February 27th, 2009

Using Video Clips to Stimulate Discussion in Online Courses

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If you’re looking to improve threaded discussions in your online courses, consider using brief video clips as discussion prompts. When carefully selected and integrated into a course, these clips can lead students to higher-order thinking and appeal to auditory and visual learning styles.

Stacey Williams, distance learning council co-chair and director of distance learning at Naugatuck Valley Community College, uses video clips to prompt discussion and says that her retention rates and student satisfaction have improved as a result. The key is to use these video clips within the context of scaffolding assignments rather than as stand-alone course elements.

Each unit in Williams’ courses incorporates the following elements:

  • Learning objectives—These serve as a guide in selecting appropriate readings, activities, and video clips. To make these objectives clear to students, Williams sends them to students as either weekly email or pop-up announcements. The advantage of using pop-up announcements is that students have to do something with them (either close them or move them out of the way) before proceeding to the course activities, which increases the likelihood that they will read them.
  • Readings—These include textbook and online readings found in library databases on real companies.
  • PowerPoint—The PowerPoint slides emphasize the key concepts covered in the readings. “Whatever they didn’t get from the readings, the PowerPoint will hopefully bring out for them and make it a little easier to focus on the relevant key points,” Williams says.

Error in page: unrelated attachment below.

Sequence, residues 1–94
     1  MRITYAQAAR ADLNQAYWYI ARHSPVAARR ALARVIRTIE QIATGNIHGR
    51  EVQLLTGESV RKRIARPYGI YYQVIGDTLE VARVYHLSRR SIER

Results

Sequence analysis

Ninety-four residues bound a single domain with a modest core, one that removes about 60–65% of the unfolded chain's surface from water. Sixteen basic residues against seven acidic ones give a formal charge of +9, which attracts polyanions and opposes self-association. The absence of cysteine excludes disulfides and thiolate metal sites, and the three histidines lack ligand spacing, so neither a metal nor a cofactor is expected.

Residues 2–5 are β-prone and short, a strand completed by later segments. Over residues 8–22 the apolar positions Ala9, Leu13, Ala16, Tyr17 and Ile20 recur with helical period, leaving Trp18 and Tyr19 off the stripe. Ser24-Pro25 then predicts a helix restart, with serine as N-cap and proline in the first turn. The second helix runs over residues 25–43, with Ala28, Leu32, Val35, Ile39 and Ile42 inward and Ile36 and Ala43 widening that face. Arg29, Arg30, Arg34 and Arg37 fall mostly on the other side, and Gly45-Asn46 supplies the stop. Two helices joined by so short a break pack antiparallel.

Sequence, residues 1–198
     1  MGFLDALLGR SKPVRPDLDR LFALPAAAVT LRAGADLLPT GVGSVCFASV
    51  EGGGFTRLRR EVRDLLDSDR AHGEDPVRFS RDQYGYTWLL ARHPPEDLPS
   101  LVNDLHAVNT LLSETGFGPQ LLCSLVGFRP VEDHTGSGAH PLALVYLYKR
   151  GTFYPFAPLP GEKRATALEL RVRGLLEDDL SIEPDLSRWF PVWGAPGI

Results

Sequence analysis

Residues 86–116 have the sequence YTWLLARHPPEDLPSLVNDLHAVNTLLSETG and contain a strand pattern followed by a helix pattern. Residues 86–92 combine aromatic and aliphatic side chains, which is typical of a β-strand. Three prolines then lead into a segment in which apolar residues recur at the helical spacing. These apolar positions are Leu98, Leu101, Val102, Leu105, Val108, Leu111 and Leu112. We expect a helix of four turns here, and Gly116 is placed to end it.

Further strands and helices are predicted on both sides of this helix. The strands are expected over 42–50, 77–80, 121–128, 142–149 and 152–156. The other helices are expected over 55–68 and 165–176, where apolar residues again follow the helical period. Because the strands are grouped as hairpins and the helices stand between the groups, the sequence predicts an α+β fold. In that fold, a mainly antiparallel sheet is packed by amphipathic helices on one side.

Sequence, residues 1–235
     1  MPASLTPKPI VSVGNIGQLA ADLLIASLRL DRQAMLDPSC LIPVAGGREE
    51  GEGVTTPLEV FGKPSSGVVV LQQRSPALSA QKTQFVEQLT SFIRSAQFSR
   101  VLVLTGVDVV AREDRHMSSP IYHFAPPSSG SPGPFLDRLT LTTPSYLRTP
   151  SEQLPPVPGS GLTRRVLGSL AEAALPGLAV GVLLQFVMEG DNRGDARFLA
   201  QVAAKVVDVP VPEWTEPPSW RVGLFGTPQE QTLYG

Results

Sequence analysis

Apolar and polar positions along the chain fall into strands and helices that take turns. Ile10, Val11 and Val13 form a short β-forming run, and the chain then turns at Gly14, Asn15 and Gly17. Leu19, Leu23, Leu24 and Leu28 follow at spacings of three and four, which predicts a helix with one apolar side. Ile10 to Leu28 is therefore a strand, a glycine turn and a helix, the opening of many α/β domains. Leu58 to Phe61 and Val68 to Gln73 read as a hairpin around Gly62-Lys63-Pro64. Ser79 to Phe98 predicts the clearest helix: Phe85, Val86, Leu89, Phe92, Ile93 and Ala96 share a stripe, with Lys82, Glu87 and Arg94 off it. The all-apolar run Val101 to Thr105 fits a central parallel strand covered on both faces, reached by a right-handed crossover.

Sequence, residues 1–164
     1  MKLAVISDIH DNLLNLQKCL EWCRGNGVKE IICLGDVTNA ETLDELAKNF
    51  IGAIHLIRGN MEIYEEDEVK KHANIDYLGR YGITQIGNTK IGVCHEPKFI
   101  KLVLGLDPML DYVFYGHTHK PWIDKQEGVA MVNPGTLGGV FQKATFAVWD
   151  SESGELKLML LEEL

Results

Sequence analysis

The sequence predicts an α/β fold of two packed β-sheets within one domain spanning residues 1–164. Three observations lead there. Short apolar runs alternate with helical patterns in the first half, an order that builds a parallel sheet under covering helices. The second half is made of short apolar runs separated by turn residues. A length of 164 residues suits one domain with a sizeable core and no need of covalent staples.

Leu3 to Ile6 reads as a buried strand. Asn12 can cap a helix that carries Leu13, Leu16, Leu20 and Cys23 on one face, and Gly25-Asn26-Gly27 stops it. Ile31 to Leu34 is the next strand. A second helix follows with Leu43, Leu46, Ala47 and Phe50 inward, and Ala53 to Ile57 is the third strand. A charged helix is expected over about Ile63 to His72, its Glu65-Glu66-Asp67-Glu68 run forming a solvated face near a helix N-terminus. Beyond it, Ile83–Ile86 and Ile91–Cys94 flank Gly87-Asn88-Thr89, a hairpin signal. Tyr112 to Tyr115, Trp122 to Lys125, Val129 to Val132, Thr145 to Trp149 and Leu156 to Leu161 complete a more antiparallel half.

• Concept quiz—After the PowerPoint presentation, Williams has students do practice assignments, typically multiple-choice or true/false quizzes. “They tend to do those practice tests or quizzes a little bit more readily when it’s a safe environment, so I keep those as a tool just for them,” Williams says.
  • Video clips—Williams uses brief (up to five-minute) video clips from sources such as corporate websites, textbook publishers, MERLOT, You Tube and Teacher Tube. “One of the biggest challenges is finding videos to use in a streaming format, but I do like the challenge of going out and finding them,” Williams says.
  • Class Discussion—After viewing a video clip, students participate in a discussion based on the video. Williams typically asks students two questions based on the content of the video clip, and they are required to respond with a minimum of two paragraphs and responses to at least two classmates. “This gets the conversation going. It simulates what happens in a classroom, and it does tend to draw out the students who wouldn’t necessarily participate in a discussion in person. For me, it becomes a key part of an online course,” Williams says.

Each of these unit elements builds on the next. “I give them the foundational information first and then bring in the video to kind of get them to that application point where they can see the things that we talked about or the things that we read about. They can see these concepts being applied by real-world companies,” Williams says.

Excerpted from Using Video Clips to Stimulate Discussion, Online Classroom, Nov. 2007.